NEW YORK – Oh, the wonderful naivety of being 16. That first job as a waitress. The first time you dared kiss a boy. And, if you happen to be Sophie Auster, recording your first album for a French label. Born in 1987 to authors Paul Auster and Siri Hustvedt, Auster’s eponymous debut album comprised lines her father had translated from French poets like Tristan Tzara, Robert Desnos and Paul luard. The songs, recorded during a summer vacation, turned into an album after a family friend sent them to Nave Records in Paris. Two years later, Auster launched her musical career with a concert tour of Europe and the United States.
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Over the past decade, the singer/songwriter has ventured into other creative areas. She has appeared in eight movies, including 2007’s “The Inner Life of Martin Frost,” directed by her father, and the independent drama “Stealing Summers” (2011). More recently she had a small role in Amazon’s hit series “Mozart in the Jungle.” In addition, she has featured in Spanish fashion chain Mango’s catalog and was photographed naked for the cover of Spanish Rolling Stone.
In an interview conducted recently in Greenwich Village, not far from her apartment, Auster spoke at length about her thirst for music, fashion, literature and cinema. She says with a smile that she doesn’t like to define herself, since we live in an age in which there’s great openness to different kinds of creative pursuits.
“I would say that, mostly, I’m a singer-songwriter. But in this day and age, there is more of an open form to doing different things within a creative field,” she observes. “For example, the collaborations I’ve done with fashion companies have always been based on performances I’ve done, so I’ve always been featured as myself and not as an anonymous model. I think that in its high form, fashion can be an art and a [form] for self-expression, just like acting or music. But 90 percent of the time, I only focus on music. I started singing in a choir when I was 8, when a teacher got me really involved in the world of music.”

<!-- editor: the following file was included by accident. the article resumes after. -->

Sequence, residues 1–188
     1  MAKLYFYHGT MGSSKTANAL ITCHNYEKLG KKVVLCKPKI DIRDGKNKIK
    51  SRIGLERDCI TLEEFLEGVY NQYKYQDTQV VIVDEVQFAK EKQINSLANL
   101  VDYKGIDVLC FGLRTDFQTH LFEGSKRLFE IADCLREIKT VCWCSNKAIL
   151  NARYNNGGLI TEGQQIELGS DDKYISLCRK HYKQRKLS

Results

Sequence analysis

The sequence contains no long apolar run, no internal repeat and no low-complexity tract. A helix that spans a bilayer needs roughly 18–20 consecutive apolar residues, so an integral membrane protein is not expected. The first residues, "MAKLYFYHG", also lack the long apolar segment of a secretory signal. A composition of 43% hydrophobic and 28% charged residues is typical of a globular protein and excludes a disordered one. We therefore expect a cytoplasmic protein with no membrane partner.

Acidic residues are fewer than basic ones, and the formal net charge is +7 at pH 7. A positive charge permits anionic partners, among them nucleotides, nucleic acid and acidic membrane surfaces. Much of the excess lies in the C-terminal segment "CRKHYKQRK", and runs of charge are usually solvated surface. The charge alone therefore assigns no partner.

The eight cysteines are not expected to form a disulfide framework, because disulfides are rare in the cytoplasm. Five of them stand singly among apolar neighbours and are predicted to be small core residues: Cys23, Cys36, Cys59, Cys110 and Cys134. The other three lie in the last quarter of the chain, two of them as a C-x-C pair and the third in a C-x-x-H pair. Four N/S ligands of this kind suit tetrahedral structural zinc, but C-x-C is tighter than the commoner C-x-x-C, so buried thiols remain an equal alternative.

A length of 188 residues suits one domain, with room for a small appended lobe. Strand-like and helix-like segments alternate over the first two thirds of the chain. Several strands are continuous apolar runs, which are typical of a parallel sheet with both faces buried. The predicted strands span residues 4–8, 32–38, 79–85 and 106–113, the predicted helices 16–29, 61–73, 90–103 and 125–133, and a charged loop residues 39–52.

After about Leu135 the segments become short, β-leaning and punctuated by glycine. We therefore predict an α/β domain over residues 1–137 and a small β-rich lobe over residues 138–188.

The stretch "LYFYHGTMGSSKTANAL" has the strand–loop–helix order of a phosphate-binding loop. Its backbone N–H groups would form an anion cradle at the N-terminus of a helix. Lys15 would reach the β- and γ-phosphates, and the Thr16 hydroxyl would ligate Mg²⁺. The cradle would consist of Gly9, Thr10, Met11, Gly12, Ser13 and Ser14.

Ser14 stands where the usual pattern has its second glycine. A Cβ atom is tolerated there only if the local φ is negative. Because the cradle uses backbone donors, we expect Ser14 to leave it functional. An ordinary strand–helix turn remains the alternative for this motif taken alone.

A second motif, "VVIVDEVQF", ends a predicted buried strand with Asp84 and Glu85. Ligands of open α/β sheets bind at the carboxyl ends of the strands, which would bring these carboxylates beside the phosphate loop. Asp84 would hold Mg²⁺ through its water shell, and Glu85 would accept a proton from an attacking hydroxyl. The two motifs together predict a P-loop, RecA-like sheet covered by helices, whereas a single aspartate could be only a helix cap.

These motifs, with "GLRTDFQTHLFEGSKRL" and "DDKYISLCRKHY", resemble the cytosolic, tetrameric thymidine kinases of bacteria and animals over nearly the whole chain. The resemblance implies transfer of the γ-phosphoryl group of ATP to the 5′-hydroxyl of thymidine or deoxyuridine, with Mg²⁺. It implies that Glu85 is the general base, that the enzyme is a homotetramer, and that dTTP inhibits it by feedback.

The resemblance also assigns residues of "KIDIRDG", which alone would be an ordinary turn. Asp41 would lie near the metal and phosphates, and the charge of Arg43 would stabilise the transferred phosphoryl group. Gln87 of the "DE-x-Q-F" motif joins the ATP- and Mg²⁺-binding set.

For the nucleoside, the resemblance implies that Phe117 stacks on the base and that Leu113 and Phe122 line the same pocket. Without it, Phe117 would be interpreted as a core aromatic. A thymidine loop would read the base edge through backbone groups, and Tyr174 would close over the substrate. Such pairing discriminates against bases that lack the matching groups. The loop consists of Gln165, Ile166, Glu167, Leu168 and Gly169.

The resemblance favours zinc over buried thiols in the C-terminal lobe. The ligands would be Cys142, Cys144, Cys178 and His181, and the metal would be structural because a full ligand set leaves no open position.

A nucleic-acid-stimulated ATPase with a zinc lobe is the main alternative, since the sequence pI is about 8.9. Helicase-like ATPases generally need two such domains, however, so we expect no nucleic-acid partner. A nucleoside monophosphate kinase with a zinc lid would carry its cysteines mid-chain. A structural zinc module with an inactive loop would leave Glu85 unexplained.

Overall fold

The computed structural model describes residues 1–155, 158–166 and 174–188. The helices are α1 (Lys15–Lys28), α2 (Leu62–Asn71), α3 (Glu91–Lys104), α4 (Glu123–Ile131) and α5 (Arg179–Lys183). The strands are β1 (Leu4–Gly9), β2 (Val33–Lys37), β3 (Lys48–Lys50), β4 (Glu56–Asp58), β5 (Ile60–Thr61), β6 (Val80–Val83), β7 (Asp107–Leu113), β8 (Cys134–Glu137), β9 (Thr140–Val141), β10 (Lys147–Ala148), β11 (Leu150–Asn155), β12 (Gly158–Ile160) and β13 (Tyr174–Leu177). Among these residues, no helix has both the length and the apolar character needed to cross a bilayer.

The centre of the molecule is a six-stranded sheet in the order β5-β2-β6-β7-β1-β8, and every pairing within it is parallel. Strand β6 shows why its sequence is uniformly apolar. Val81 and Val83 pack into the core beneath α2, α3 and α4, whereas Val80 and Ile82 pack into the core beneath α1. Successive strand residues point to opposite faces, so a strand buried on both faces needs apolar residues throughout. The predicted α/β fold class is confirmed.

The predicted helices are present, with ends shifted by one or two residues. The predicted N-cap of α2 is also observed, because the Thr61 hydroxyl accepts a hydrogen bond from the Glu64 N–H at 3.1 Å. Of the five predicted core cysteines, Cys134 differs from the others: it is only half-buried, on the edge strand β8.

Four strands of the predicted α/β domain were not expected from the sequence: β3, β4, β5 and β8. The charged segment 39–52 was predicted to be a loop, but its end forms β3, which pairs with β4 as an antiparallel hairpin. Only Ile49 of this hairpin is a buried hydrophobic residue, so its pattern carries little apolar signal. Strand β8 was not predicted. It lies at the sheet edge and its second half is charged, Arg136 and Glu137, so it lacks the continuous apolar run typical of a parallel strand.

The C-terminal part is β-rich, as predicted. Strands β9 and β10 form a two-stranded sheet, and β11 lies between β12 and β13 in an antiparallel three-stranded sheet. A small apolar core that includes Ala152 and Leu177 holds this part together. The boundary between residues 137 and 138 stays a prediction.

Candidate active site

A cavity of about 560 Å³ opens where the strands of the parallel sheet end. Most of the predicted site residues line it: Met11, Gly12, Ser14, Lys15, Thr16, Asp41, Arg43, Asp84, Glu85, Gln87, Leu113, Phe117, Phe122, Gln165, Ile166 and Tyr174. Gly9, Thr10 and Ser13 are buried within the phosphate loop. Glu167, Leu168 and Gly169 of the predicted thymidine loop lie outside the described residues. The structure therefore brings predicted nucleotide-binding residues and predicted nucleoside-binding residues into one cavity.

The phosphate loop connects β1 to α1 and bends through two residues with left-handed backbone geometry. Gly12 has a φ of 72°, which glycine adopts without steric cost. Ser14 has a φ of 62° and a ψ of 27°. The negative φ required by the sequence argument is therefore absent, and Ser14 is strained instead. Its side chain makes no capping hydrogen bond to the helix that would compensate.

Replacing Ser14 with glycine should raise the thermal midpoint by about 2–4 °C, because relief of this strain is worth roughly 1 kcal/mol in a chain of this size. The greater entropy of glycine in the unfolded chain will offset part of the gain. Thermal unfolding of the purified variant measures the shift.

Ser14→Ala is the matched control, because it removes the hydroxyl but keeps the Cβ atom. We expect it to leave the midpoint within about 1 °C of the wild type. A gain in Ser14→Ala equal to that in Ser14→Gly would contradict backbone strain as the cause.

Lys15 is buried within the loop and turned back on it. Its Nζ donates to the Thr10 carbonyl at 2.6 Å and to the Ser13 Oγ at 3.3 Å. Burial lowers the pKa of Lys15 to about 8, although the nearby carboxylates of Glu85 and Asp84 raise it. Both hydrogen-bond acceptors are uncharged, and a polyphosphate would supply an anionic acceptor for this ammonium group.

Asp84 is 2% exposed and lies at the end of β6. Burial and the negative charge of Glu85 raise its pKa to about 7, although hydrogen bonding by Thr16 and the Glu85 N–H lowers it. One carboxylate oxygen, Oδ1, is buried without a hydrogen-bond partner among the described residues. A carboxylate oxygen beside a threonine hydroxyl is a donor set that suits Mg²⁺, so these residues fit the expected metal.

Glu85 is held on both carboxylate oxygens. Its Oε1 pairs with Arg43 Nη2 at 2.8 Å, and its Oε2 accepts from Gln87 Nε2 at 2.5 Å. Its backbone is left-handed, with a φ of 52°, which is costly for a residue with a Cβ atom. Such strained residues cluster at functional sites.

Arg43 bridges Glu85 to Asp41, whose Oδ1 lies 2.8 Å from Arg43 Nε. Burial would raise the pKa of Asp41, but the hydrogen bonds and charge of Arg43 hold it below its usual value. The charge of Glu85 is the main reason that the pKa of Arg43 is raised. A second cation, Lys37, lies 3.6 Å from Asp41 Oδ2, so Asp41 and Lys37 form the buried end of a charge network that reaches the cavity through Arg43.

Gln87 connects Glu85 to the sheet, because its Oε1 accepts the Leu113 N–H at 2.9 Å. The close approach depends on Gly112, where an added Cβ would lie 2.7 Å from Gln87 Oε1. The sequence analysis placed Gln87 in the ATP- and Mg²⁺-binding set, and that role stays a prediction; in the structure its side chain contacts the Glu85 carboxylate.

She says that as a child she wanted to be singer-songwriter Roberta Flack. “I thought she was amazing, and I used to listen to her records a lot,” she recalls. Auster also loved Carole King and Fiona Apple, but also developed a surprising obsession with Neil Sedaka. “In general, I was more connected to older music and less interested in contemporary recordings,” she says.
Following the success of her debut album, in 2011 Auster released an EP called “Red Weather,” featuring her most popular song, “Run, Run, Run.” The video for the song premiered on the Paper Magazine website, where it garnered flattering comparisons to Fiona Apple and PJ Harvey.
Last June, she released a new album, “Dogs and Men.” Befitting the varied influences she acknowledges, it contains songs that flirt with jazz and cabaret (the outstanding “Our Mistake”), potential indie rock hits (“Bad Manners” and “Find That Girl”), and quiet, contemplative ballads (“With You”).
In addition to singing, Auster also plays guitar. In recent years she has collaborated with British producer Barry Reynolds, who previously worked with Marianne Faithfull, Grace Jones and Lou Reed. Reynolds met her when she was 18, says Auster, and took her under his wing. “Square Moon,” which was released in 2012, is her interpretation of a song that Reynolds and Antony Hegarty wrote for Grace Jones.
Auster plans to take a break from concerts in the coming month to participate in a fashion show by Chloe in Italy, and to model at other fashion shows in Europe. Alongside modeling, she plans to dedicate the coming year to recording a new album and doesn’t rule out more acting roles.
Amy Winehouse once said that success at a young age is a curse.
“Nothing in my career has been premeditated. I’m not Amy Winehouse whatsoever, and I’m not a worldwide phenomenon being chased down the street. I live a very quiet life and I still feel that I’m doing my best to have the kind of career I truly want. I feel whatever little success I had earlier hasn’t affected me in a great way. Going to college when I was 18 has helped me develop myself and made me more aware of what I want and how to be in control of my own life and career. Whatever future successes I hope I have, I’m happier that they’re happening now rather than at 11 or 16.”